But despite the American administration’s appearing at least half castrated opposite Iran and with the Gulf states reengaging with Ahmadinejad, Israel will still be expected to make far-reaching concessions to the Palestinians to “keep its part of the bargain.” However, pressure on Israel to solve the Palestinian issue without commensurate American leadership against Iran reinforces the fatally mistaken message encapsulated by the 2006 Baker-Hamilton Report and illustrated to many at Annapolis: That solving the Palestinian-Israeli conflict instead of first neutralizing ascendant Iran seeking nuclear weapons is the key to peace and stability in the Middle East.

I have one small - or maybe not so small bone to pick. This is a very different situation than the situation with Iraq in 1981. The Iraqi nuclear program was in one known and undefended facility. No one really knows how spread out the Iranian program is, and the facilities that are know are well defended (okay, the IAF has already shown that it can neutralize Iran's Pantsyr anti-missile system that was purchased from Russia). Iraq had almost no ability to retaliate. Iran has Shihab-3 missiles that can at least hit Israel with conventional warheads if not with something worse. This is a much worse sitauation than 1981 with Iraq.

Read it all.


At 1:52 PM, Blogger Unknown said...

Hi Carl:

Have a look at this morning's Israel Insider report on the NIE and how MI5 is looking at it. Link is http://web.israelinsider.com/Articles/Diplomacy/12465.htm . Most telling was this paragraph.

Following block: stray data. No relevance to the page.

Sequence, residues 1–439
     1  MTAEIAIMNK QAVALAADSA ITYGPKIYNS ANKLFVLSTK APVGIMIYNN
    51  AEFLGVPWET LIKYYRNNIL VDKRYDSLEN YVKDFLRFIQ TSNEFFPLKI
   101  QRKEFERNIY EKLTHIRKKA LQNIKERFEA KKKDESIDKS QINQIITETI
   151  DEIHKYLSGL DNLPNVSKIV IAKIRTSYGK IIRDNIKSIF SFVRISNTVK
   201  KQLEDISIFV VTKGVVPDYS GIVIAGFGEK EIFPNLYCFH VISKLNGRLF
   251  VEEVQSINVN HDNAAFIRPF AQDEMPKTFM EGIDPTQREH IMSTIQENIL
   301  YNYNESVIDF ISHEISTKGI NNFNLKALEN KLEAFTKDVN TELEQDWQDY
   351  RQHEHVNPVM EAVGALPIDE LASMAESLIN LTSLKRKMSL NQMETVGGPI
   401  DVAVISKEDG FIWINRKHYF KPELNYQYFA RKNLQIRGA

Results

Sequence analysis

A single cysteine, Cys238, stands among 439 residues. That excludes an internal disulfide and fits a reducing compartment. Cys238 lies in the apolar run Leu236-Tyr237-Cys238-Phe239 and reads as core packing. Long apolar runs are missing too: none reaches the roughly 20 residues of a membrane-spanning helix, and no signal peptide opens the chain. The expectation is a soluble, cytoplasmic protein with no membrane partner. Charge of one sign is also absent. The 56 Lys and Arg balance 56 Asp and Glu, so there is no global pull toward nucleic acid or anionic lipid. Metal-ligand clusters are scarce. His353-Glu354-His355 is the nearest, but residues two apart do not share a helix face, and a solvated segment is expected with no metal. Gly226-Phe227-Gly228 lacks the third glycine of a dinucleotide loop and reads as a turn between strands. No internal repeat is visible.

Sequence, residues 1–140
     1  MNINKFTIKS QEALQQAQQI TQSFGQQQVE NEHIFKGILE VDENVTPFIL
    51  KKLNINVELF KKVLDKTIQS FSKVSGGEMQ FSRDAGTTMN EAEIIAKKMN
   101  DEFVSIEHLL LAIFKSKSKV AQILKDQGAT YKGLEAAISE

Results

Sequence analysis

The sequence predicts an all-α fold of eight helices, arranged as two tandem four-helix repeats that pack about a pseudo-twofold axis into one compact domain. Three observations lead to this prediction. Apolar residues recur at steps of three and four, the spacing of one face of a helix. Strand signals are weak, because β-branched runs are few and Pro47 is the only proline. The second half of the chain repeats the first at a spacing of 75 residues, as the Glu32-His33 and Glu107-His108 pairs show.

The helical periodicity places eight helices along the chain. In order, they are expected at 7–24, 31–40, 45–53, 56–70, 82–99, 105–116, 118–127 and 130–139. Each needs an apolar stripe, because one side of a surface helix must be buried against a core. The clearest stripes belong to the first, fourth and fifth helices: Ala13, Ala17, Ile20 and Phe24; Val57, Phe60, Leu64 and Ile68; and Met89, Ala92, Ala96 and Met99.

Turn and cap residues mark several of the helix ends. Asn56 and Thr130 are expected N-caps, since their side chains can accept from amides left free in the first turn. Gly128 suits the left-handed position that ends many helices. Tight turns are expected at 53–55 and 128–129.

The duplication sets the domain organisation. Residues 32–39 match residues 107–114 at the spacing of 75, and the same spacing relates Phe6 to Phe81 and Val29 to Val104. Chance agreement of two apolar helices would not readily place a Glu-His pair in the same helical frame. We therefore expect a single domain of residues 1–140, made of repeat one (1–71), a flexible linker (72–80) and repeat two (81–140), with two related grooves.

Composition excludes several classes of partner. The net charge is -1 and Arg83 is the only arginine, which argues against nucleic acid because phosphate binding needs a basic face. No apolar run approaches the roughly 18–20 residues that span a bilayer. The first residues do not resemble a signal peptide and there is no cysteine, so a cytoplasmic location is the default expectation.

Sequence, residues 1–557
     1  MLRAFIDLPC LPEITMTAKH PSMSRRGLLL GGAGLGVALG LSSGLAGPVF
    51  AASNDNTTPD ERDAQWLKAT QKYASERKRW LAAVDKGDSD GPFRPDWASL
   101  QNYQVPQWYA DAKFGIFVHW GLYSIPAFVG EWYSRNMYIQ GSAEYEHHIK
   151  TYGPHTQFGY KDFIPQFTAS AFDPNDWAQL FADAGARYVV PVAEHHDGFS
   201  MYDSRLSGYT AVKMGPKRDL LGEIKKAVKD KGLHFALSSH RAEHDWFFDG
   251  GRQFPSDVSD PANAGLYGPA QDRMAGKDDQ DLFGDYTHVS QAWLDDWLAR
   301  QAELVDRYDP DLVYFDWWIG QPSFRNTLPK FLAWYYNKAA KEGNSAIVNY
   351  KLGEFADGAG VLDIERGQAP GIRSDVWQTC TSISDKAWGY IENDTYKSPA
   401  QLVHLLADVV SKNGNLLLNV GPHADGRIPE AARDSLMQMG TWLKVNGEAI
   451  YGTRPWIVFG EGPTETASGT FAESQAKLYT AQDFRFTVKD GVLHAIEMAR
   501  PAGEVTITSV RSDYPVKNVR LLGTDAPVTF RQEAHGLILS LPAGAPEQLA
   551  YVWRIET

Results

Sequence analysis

"The reported deal involved the United States swearing off the military option, reining in Israel, and allowing a Syrian-backed regime to take control of Lebanon in exchange for the Iranians reducing their attacks in Iraq and not destabilizing Lebanon altogether.

In this scenario, Annapolis was a smokescreen for the real deal which, far from isolating Iran, was intended to open relations with the Iranians and distance the United States from its traditional support for and special relationship with Israel. Part of the deal is also compelling Israel not to respond militarily to continuing rocket attacks from Gaza, thus solidifying Hamas rule there. Hamas, in turn, will consider a ceasefire on rocket attacks on Israel, allowing it to strengthen its arsenal and continue its rampant importation of weaponry in preparation for an armed conflict with Israel later. "

Sadly, the circumstantial evidence of this as a deal is getting harder to ignore, day by day. Too many damned coincidences keep popping up.

Condi and her James Baker-ian crew appear to have managed to do what the Carter administration, and other pro-arab, anti-jew/anti-Israel administrations, such as Carter's, and Bush-1 were never able to do.

Israel is alone in this, though it appears that Britain also has a clue. Israel needs to make some new friends in a jiffy, the sea change is almost complete.

And while its at it, it needs to recognize that this sea change is largely completely the work of Olmert and his government. Not intentional, but due to their inability to destroy hezbullah, and their fecklessness at the negotiating table, Israel's leaders have completely destroyed Israel's deterrent credibility, and the political force that went along with this. The current Israeli leadership appears to represent a clear and present and ongoing danger to Israel remaining a viable entity. My guess is the current Bush administration realized this, and made a deal. Which offers up Israel to its enemies, in exchange for "peace" in our time.

Welcome to the new world order.


Post a Comment

<< Home